• On the flight back from the event, during chaos over the developing COVID-19 pandemic, Chapek held his first CFO-CEO meeting with then-CFO Christine M. McCarthy. Iger reportedly snapped at the two, calling it “disrespectful,” to him to hold the meeting in front of him; Chapek would speak to this as the first sign Iger regretted stepping down.
  • In April of that year, Iger — who had disagreed with Chapek on when to furlough employees at Disney World — gave a statement in a New York Times story admitting to keeping an active role at the company during the pandemic. Chapek was reportedly furious, and called Iger saying he “didn’t need a savior;” Iger told friends no colleague had ever spoken to him like Chapek did in his life. Chapek later demanded to be given an immediate seat on Disney’s Board of Shareholders, in order to avoid situations where Iger and the board would talk about him when he wasn’t present. He received a board seat three days after the New York Times story ran.
  • As Chapek and Iger’s relationship continued to deteriorate due to Chapek’s controversial reorganization of Disney’s distribution strategy, he grew paranoid about working with people he saw as close to Iger. One executive he didn’t trust was Disney head of communications head Zenia Mucha, who some referred to as Iger’s second-in-command. In 2021, he began soliciting advice from external communications firm Brunswick Group, without informing Mucha.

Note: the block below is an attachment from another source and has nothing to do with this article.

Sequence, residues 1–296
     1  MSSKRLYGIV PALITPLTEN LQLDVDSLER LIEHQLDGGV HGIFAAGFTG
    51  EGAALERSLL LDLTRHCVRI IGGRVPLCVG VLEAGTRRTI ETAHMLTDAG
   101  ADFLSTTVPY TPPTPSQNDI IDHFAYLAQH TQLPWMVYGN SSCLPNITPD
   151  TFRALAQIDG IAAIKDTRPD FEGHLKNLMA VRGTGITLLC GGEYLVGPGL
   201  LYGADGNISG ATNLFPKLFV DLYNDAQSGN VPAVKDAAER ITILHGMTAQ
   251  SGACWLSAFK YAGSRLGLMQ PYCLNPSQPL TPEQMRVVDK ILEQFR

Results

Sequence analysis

• The Scarlett Johansson Disney lawsuit in 2021 over the Disney+ release of “Black Widow” was allegedly the result of miscommunication over who, between Iger or Chapek, should handle her agent’s attempts to negotiate her contract. Chapek viewed it as a “creative issue” and therefore Iger’s problem, while Iger viewed it as a business matter Chapek should handle. When the lawsuit happened, Iger and Chapek both signed off on an aggressive public statement that accused Johansson of greed; both reportedly disagreed with the tone of the statement, but believed the other should be in charge of objecting to it. Iger reportedly called Chapek advising him to give a public apology, which Chapek refused to do; Iger himself never considered apologizing.